www.sacred-texts.com/egy/tut/tut05.htm .In Hebrew amen means;verily,truly,and certainly. According to Albert Mackey. If amen is a hebrew word, how could there be a cult of amen in egypt? Or is amen and amun the same? Reason why I ask, is are christians using the name of another deity to end their prayers? Thank you.
It may be useful to distinguish Christian doctrine from the metaphysical reality of Christ energies.
The formation of the Christian church involved encompassing much previous worship by including those gods as saints (holy beings) inferior to Christ. This allowed converts to avoid repudiating their previous beliefs while embracing the new religion.
This can be observed today in many countries where Catholicism admits devotion to local deities in the guise of non-historical saints
Post by billmcelligott on May 8, 2009 23:43:32 GMT
This was not a Christian trait, it was a Roman trait. The conquering armies of Rome were extremely successful in adopting many religions into their own belief system.
They were much like the Borg from Star Trek, they assimilated cultures, but then ruled with an iron fist. Of course this is what happened to the Christians.
So to make the point that Christianity cultivated this I would argue is wrong, Rome I say used Christianity as a tool of crowd control. Rome was being eroded by Christian activity in many parts of the Empire and it was this that urged Rome to adopt Christianity.
Rome had come up against many who would die for Gold, but not many who would die for a Faith and the welfare of others. This was the threat they feared.
Bill McElligott [PPGASwdB - PPGASoj] firstname.lastname@example.org - skype: lodgeroomint The Masonic Brotherhood of The Blue Forget-Me-Not
The last (Huna) word will probably give you the best hint as to what the preceding might be on about.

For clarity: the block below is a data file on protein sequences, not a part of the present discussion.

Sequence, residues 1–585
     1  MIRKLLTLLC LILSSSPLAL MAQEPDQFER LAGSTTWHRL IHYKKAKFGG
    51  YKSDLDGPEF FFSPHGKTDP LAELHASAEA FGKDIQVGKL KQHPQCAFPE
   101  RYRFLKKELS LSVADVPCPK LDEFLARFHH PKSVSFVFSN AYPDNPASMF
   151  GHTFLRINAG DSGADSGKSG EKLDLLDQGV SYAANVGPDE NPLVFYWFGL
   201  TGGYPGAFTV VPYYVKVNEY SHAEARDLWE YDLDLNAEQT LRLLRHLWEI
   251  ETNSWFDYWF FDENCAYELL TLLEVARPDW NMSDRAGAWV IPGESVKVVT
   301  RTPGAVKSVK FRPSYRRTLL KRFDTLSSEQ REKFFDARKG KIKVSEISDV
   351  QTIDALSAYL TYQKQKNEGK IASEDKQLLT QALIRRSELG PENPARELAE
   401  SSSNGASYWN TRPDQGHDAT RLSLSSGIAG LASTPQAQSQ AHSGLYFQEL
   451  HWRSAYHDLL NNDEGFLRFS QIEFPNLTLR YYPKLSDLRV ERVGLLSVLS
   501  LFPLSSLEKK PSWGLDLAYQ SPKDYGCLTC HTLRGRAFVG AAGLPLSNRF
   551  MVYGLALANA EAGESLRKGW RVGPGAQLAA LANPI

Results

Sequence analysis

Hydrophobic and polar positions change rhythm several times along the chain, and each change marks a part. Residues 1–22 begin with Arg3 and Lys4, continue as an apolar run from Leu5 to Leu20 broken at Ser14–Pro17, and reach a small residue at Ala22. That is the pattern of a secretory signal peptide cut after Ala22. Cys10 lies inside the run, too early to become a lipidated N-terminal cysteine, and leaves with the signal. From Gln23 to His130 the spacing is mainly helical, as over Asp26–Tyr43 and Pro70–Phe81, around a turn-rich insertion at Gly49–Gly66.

Aumakhua is the name for the Highest (principle) in man(kind) and it is dual in nature, being male/female, the Father/Mother god/superconscious. It resides above the physical body (Star in the East?) and does not reside in the physical as does the Ka (subconscious) and the Ba (conscious mind).
These are your three selves which we must work with to harmonise. R.Arch ceremonies indicate what happens when we achieve this.
If you look at the link provided above you will see several clues that the above may be true. Male and Female seated together and the double feathers on the crown..
This dual nature of Sol-Om (Aum)-0n may be reflected in our own ceremony of Raising... where the principal actors are, at one stage, a mirror image or reflection of each other. Positive/Negative united.
Look at the last letter of the three ruffians... in order.
If amen is a hebrew word, how could there be a cult of amen in egypt?
Although Hebrew and Ancient Egyptian are very distantly related, it must be realised that the Hebrew word is /'MN/ (aleph-mem-nun), transliterated as Amen in English, but cognate with, and identical in meaning to, the Arabic Amin: So be it! or, as we Masons would say, So mote it be!.
Whereas, the Ancient Egyptian word is imn, rendered by Egyptologists as 'Imen, or sometimes Amun, the name of a god: the word is written in hieroglyphs with the reed /i/ and the biliteral /mn/ representing a gaming-board, with the final /n/ repeated for aesthetic effect. Note that the gaming-board seems to represent the snaking of the subterranean, night-dwelling and sun-eating serpent Mehen. Whence perhaps comes the god Imen/Amen/Amun's later identification with the sun-god Ra (Amen-Ra is a common styling of his name). Amun himself is represented as a ram (he was probably originally a protective deity of goatherds), and he came to be associated with the soul's passage through the afterlife, since the word "soul" (Ancient Egyptian: ba) is written, by onomatopoeic association, using a picture of a sheep ;D
Anyway, the point is that Hebrew Amen and Ancient Egyptian Amen are not in any way related, except insofar as similar-sounding names tend to suggest one another in our minds.
Nam Sibyllam quidem Cumis ego ipse oculis meis vidi in ampulla pendere, et cum illi pueri dicerent: Sibylla ti theleis; respondebat illa: apothanein thelo.
sbs59: Can someone help me with this question. I was a Master Mason for 4 years until last year. My father died and i left the Masons as i was depressed about his death. Can i now re join a lodge?
May 21, 2019 10:07:41 GMT
The Ancient: sbs59: Were you suspended for non payment of dues? if so, square up and petition the lodge for a restatement vote. If your dues are current, your still a member. In this case, it is all about the Benjamins.
May 27, 2019 0:49:07 GMT